For her Advancement to Candidacy, San Jose State University MFA candidate Heather Brown (@hb_bwfilm) created Bind, a surreal short film featuring a strange custom designed wearable metal piece. Brown intentionally constructed this wearable prop to restrict the actor's face, hands, and body movement. Likewise, the protagonist of the film, acted by Brown, willingly adorns the restrictive piece despite its inherent discomfort. She continues to decorate herself with lipstick while wearing the piece as if nothing were unusual. Immediately afterward, the protagonist begins to struggle to breathe, eventually collapsing from lack of oxygen. She then enters a hellish blood-orange tinged landscape, walking in slow-motion down an empty road before again collapsing to her knees.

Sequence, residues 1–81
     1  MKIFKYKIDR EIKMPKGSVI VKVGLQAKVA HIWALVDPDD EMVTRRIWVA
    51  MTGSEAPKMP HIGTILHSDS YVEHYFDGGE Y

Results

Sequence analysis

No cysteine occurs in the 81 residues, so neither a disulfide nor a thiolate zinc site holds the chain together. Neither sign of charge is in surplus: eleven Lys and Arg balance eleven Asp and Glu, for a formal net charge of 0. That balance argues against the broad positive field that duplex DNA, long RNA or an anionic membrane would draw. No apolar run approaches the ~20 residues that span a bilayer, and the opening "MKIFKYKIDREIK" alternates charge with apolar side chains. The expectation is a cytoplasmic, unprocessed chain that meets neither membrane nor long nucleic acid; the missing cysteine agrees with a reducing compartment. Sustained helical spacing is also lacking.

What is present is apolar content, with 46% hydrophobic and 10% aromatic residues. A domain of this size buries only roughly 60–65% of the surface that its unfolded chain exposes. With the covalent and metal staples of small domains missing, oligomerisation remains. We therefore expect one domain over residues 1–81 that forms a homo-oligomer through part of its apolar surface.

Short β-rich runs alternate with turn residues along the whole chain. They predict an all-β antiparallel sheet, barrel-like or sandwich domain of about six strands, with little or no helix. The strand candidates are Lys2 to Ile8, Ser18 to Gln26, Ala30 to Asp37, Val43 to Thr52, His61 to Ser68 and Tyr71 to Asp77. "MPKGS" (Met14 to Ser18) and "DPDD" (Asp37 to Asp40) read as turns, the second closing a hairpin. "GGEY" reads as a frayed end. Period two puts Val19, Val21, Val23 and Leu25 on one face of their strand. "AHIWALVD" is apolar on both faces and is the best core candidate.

Rather than being literal, this film is symbolic in several significant ways. Firstly, it symbolizes the restrictions stemming from societal standards of beauty, especially for those who identify as female. Because the actor willingly adorns herself with not only the metal piece but also lipstick, she is conforming to female beauty norms which are psychologically and physically uncomfortable. Secondly, this film represents the restrictions caused by human-induced global climate change. Due to the fact that climate change is increasing the rate of natural disasters, including wildfires, our physical environment is literally becoming unlivable. As California has and continues to experience record-breaking wildfires, our air is being inundated with extremely toxic smoke. Residents, like the protagonist of the film, struggle to find clean air to breathe. Likewise, the ending sequence was intentionally filmed on September 9, 2020. On this day, activity from raging wildfires turned the skies of the bay area a sinister shade of blood-orange. Thirdly, and most importantly, this film conveys the painful restrictions created by Western capitalist society. In accordance with Karl Marx's theory of alienation, capitalism essentially disconnects us from our environment, each other, and our innate selves. Even though it causes us extreme discomfort and alienation, we as a society willingly conform to capitalism. Just as the protagonist's choice to adorn the restrictive piece leads to her downfall, our choice to participate in capitalism leads to our collective alienation and consequential suffocation.